It is a biotic border that spans a continent, and it displays a continental sized roughness. In rude terms it traces the coarse shoreline between a sea of grass to the west and a land of mixed forests to the east, an edge sculpted into the ecological equivalent of bays, narrows, skerries, and estuaries, as climatic tides, the tectonic lurching of glaciers, and the sprawl of colonizing species have tugged and twisted, and here and there allowed grass or woods to mostly prevail. That textured shoreline holds a jumbled geography of incombustible wetlands and free-burning bottomlands, fire-flushed Barrens and fire-hardened forests, prairie peninsulas and prairie patches, oak mottes and woody copses, and landscapes latent with bits of them all, some extending over hundreds of miles.

It is a fractal frontier, patchy at every scale, with small patches within larger. And it is a frontier of fire, with each part checked or boosted by the ferocity and abundance of burning.

Cross Timbers

Even so, the Cross Timbers stand out. They proclaim a bold, woody headland, as distinctive as the White Cliffs of Dover, between the grassy sea that swells to the west and the humid forest that crowds the east. It is here that storm surges of fire, roaring over the long fetch of the Great Plains, whipped by the westerlies into whitecaps of flame, crash against the less combustible woods. The belt is long, stretching from the Edwards Plateau of Texas to the Flint Hills of Kansas; irregular and sinuous, roughly cruciform, historically varying from five to 30 miles wide, but at places spanning most of Oklahoma; and persistent, its 4.8 million hectares defying settlement’s attempts to log, plow, graze, or burn it into oblivion. Instead, it continues in Oklahoma to thicken with stubborn oaks – blackjack, shin, live, and post.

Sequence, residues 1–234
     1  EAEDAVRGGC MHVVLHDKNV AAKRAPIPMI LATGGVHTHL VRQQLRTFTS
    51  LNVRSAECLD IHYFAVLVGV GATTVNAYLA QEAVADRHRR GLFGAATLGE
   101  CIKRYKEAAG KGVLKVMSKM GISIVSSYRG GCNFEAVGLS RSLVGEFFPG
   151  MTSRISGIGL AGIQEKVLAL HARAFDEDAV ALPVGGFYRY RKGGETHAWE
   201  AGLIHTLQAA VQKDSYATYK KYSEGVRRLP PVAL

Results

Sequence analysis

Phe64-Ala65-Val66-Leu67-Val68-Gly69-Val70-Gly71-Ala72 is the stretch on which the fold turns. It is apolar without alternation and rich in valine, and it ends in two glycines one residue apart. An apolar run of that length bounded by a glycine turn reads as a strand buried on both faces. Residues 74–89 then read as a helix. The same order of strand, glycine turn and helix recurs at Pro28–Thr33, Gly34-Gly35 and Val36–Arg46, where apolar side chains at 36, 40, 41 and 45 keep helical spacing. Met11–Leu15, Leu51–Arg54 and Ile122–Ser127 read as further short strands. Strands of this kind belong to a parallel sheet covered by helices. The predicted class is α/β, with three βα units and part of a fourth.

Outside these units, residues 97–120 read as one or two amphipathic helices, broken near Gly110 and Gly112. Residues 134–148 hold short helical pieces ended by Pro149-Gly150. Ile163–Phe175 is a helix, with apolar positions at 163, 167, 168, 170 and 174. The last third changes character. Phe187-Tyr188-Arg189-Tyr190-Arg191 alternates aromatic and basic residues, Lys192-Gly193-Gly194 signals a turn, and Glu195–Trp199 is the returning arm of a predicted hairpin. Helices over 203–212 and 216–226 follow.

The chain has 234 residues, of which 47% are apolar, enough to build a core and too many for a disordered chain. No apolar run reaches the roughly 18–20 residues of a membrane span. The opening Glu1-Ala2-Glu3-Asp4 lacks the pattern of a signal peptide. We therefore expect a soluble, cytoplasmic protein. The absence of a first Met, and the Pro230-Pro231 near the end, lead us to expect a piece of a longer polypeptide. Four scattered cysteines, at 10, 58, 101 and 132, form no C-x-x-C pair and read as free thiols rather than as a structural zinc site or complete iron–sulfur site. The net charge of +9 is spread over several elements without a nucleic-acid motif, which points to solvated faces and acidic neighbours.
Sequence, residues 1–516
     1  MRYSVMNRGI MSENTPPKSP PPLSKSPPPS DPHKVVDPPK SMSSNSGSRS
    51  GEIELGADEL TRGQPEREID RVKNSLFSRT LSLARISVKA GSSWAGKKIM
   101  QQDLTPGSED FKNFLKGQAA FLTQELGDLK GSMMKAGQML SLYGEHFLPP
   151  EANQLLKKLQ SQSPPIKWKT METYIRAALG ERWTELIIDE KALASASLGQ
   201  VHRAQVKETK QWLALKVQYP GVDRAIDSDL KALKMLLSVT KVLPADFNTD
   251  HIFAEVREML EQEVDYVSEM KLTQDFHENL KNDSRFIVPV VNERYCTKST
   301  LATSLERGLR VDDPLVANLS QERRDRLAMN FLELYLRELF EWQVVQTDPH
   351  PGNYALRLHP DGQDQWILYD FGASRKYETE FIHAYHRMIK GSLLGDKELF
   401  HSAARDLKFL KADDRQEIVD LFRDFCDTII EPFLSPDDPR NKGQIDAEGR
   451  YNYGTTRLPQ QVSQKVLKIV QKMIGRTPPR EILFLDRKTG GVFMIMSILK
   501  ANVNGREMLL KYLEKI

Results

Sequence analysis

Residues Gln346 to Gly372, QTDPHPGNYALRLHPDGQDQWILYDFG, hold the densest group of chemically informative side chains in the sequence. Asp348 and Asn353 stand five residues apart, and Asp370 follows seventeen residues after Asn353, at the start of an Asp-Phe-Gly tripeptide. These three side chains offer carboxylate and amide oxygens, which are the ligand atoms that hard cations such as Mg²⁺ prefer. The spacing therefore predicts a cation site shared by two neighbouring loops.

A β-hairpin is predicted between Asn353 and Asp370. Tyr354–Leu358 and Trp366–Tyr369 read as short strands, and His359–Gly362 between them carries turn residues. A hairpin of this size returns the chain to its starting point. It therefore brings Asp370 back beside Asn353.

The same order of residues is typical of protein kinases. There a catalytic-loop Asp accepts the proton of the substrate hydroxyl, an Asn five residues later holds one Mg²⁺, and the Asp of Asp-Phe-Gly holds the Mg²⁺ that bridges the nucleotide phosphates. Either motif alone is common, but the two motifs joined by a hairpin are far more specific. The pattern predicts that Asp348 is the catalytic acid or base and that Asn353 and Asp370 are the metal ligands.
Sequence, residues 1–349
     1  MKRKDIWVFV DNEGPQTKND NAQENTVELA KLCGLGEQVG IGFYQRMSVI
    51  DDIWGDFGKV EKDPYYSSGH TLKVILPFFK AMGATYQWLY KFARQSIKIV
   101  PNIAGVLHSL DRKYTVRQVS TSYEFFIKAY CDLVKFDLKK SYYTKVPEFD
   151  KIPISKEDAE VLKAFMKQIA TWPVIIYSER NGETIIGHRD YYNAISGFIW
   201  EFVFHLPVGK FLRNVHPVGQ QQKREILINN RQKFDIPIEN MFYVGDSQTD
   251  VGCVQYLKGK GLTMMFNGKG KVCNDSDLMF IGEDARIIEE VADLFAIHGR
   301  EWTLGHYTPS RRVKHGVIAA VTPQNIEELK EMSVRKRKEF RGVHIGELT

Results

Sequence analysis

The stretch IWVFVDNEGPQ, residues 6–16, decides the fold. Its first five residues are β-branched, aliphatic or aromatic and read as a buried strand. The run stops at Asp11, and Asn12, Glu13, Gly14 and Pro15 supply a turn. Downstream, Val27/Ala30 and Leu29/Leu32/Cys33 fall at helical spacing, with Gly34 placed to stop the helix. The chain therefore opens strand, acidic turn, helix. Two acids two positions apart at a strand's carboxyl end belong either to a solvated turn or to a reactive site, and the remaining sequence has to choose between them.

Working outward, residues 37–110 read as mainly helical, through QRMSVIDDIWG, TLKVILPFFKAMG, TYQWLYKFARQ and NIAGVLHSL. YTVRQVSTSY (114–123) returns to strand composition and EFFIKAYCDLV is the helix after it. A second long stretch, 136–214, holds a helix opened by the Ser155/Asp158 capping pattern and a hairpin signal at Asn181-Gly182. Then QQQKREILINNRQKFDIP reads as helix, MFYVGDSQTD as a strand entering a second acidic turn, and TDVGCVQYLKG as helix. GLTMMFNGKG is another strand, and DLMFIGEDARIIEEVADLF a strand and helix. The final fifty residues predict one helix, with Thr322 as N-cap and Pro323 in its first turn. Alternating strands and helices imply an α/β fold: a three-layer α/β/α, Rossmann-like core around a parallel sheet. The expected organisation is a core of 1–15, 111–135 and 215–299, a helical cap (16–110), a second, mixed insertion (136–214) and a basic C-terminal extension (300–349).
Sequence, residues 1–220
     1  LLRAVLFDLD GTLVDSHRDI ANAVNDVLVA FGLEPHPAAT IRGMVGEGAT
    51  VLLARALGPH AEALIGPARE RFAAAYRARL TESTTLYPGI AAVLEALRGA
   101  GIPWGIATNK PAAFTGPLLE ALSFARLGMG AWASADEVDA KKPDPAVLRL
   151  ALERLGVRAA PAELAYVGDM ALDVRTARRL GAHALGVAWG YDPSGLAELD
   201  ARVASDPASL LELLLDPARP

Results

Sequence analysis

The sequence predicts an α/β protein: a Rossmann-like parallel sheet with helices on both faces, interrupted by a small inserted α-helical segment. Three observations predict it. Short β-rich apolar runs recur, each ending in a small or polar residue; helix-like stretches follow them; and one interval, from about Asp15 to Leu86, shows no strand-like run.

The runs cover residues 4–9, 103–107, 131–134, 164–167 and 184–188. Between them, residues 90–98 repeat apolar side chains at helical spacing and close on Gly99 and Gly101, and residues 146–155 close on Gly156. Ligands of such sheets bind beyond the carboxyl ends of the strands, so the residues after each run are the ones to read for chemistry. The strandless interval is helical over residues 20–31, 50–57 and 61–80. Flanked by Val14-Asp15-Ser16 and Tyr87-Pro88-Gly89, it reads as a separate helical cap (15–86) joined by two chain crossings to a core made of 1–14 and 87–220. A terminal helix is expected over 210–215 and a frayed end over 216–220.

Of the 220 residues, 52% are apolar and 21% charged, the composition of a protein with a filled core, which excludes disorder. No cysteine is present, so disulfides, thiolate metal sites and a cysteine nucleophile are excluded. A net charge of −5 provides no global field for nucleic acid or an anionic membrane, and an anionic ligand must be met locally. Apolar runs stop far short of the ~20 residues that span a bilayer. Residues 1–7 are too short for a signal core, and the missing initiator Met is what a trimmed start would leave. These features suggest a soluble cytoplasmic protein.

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2 Apr 2009, 12:19pm
Ecology Economics Management
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Bushfires, Prescribed Burning, and Global Warming

Roger Underwood, David Packham, and Phil Cheney. 2008. Bushfires, Prescribed Burning, and Global Warming. Bushfire Front Inc. Occasional Paper No 1, April 2008 [here]

Roger Underwood is a former General Manager of the Department of Conservation and Land Management (CALM) in Western Australia, a regional and district manager, a research manager and bushfire specialist. Roger currently directs a consultancy practice with a focus on bushfire management and is Chairman of The Bushfire Front Inc.. He lives in Perth, Western Australia.

David Packham is Senior Research Fellow, School of Geography and Environmental Science, Monash University, Victoria.

Phil Cheney is Honorary Research Fellow, CSIRO, Canberra, ACT

Full text:

This is not a paper about climate change or the contentious aspects of the climate debate. Our interest is bushfire management. This is an activity into which the debate about climate change, in particular “global warming”, has intruded, with potentially damaging consequences.